Let’s start this one off with a little, practical exercise. Are you with us? Good! Right-click on your taskbar, and select “Task Manager”. Now, take a good look at the numbers you see under the “Performance” tab. Let them sink in a bit.
This is unbelievable!
On a machine with 2 GBytes of RAM, how can there be 2 MBytes free? What’s behind all of this?
Even if you have twice as much memory, you will probably only have a couple of hundred MBytes available. This comes as an absolute shock to every computer user. While you’re only running a browser or listening to music, Windows Vista or Windows 7 consumes nearly all of your precious RAM. This fact led even Computerworld to pick up a Devil Mountain Software research study, claiming that Windows 7 maxes out memory and thus slows down the computer. To quote the research:
“On average, 86 percent of Windows 7 machines in the XPNet pool are regularly consuming 90 percent to 95 percent of their available RAM, resulting in slow-downs as the systems were forced to increasingly turn to disk-based virtual memory to handle tasks.”
Have you ever heard of SuperFetch?
The truth is—this is by design! Back in 2007, Microsoft introduced Windows Vista and one of its new features, SuperFetch, which is responsible for taking up as much of your computer’s memory as possible—albeit for a good cause!
- SuperFetch predicts which applications you will run next and preloads all of the necessary data into memory. It also does that with boot files. This helps prevent accessing the slower hard disk too often. The result? Programs launch much quicker, and Windows boots faster.
- SuperFetch’s prediction algorithm is able to determine which application users will open by a certain time of day and by a certain day of week. It is able to predict up to the next three applications that the user will launch.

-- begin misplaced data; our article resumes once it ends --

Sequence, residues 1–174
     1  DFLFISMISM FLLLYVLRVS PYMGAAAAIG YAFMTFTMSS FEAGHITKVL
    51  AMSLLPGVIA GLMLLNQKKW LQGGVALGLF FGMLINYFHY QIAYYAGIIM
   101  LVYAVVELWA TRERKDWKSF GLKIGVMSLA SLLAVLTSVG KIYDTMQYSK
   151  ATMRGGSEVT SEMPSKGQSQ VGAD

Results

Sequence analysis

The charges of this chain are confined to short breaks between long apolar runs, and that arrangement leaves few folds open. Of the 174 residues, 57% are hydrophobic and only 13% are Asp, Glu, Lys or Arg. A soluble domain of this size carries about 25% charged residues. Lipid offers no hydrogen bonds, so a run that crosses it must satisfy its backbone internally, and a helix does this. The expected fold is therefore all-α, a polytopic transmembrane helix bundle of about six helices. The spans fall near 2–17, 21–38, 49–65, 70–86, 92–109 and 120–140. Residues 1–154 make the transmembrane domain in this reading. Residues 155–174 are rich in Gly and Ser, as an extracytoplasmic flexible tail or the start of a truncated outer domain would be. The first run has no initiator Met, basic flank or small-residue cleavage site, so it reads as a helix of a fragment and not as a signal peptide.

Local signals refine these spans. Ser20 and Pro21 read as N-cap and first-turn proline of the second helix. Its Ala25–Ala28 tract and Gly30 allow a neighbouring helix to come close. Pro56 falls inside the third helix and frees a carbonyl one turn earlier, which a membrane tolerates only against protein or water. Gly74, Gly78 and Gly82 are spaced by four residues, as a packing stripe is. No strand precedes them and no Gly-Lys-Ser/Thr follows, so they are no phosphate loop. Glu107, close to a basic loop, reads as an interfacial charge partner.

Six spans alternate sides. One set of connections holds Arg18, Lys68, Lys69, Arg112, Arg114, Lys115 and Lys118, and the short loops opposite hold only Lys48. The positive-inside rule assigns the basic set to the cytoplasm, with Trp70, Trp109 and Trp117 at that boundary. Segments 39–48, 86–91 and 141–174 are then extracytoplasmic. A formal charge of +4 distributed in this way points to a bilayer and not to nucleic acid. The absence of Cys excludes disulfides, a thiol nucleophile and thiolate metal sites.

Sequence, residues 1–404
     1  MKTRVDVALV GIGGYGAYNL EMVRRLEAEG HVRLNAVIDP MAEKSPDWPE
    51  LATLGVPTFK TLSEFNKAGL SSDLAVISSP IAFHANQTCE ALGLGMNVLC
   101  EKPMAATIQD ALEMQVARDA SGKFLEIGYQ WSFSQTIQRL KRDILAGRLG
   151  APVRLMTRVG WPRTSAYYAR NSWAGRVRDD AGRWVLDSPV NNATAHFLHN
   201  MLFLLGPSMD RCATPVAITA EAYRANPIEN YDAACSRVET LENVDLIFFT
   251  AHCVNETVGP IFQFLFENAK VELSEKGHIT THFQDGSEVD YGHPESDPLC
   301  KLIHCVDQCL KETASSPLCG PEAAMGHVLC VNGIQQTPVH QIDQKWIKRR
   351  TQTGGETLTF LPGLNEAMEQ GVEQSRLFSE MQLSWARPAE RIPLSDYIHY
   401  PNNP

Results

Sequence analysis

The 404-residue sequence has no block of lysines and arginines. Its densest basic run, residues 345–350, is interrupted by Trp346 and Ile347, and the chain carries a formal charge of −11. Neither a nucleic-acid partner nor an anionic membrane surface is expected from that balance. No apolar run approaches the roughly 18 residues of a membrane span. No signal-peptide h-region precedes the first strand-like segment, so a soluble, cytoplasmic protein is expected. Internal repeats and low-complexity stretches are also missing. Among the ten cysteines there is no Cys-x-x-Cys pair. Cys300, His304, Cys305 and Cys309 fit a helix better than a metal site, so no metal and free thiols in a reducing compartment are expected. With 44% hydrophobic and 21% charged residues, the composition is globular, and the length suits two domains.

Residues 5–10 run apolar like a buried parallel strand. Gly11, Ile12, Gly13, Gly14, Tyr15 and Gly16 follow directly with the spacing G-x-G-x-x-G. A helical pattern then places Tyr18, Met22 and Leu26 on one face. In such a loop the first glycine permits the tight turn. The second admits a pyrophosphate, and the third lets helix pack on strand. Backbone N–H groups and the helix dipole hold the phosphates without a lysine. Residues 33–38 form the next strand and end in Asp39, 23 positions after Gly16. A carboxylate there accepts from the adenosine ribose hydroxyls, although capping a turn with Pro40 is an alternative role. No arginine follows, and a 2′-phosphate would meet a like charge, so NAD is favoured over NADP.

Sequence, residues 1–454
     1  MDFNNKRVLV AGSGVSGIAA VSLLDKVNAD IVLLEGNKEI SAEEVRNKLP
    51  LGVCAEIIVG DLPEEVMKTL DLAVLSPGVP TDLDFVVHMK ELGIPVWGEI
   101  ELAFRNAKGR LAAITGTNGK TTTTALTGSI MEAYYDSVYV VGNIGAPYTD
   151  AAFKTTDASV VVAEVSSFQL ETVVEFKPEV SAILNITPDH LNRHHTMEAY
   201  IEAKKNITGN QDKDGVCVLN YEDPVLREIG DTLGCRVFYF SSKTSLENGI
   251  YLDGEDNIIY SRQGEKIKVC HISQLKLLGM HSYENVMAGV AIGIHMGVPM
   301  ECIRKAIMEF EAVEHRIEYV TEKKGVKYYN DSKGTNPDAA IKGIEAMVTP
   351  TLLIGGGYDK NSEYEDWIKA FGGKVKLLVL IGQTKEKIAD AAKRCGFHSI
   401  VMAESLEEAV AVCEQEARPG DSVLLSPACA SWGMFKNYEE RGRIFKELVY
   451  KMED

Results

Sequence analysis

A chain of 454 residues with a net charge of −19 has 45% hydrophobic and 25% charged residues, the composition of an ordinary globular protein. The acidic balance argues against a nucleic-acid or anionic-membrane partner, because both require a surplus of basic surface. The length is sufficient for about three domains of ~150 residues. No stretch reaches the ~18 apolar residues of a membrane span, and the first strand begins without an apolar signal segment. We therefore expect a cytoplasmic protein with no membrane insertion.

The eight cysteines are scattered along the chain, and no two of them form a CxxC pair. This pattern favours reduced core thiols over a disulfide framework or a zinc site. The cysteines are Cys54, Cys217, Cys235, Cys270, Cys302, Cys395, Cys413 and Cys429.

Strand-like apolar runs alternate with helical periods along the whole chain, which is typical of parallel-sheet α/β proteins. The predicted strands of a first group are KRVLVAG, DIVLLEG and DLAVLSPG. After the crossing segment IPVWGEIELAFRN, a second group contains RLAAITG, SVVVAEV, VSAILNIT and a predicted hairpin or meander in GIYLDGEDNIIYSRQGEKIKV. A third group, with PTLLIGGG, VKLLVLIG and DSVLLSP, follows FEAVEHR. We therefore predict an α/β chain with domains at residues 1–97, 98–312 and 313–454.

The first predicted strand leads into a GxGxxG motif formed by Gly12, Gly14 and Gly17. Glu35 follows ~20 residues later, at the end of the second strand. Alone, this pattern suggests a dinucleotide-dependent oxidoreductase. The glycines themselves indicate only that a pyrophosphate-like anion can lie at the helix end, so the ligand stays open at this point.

- SuperFetch is smart—it prioritizes the programs you currently run over the background tasks, such as defragmentation. These tasks run when the computer is idle, but when they are complete, Windows SuperFetch populates the memory again.
- SuperFetch is dynamic—it adapts to your needs all of the time. So, if your favorite programs change over time, SuperFetch is able to quickly adapt to this.
Windows SuperFetch populates the computer’s memory with this preloaded information, to speed up programs and Windows features. So, what’s the benefit for you? Your favorite programs—for example, your Web browser, your media player and your e-mail application—are likely to start faster after a couple of days. Don’t worry, even if you install a new application, SuperFetch will not have a negative impact on performance. As soon as the new application demands memory, the SuperFetch data gets flushed. As far as this program is concerned, the memory is empty.
If you’re familiar with the Windows kernel, we recommend this interesting video from MSDN’s Channel 9. Michael Fortin from the Windows Performance Team talks about what Microsoft had in mind when developing SuperFetch and similar performance technologies. A little side note: Michael also talks about how a computer becomes slower over time due to the installation of a lot of programs (this is at about 20 minutes into the video). The TuneUp Blog team recently proved this theory in our post titled “How 200 Programs Slow Down Your PC“.
What happens when you disable SuperFetch?
Readers should know us by now. We don’t just talk theories; we test them intensely. So, we decided to disable Windows SuperFetch on one of our test machines and compare the performance of both machines. First of all, as expected, the Task Manager tells us that we now have about 600 MBytes of memory free.
This is bad! An important part of your computer is not being fully used. This is like having a 200hp engine in your car, with only 140hp being used. What impact did disabling SuperFetch have on our system? Boot performance went down immensely. Usually, this process took about one and a half minutes on our test bed; with SuperFetch disabled, boot time went up to exactly two and a half minutes.
We also compared the startup performance of a couple of applications, including Outlook 2010 Beta, which needed five seconds longer to start and navigating between folders felt sluggish. Launching even the very slim Google Chrome browser took about seven seconds, whereas the original test only took four seconds. This is not good.
We can go on and on, but you get the point. Although we have more memory, performance actually noticeably decreased. SuperFetch in Windows Vista and Windows 7 is a good technology that helps speed up your entire system—and should not be disabled.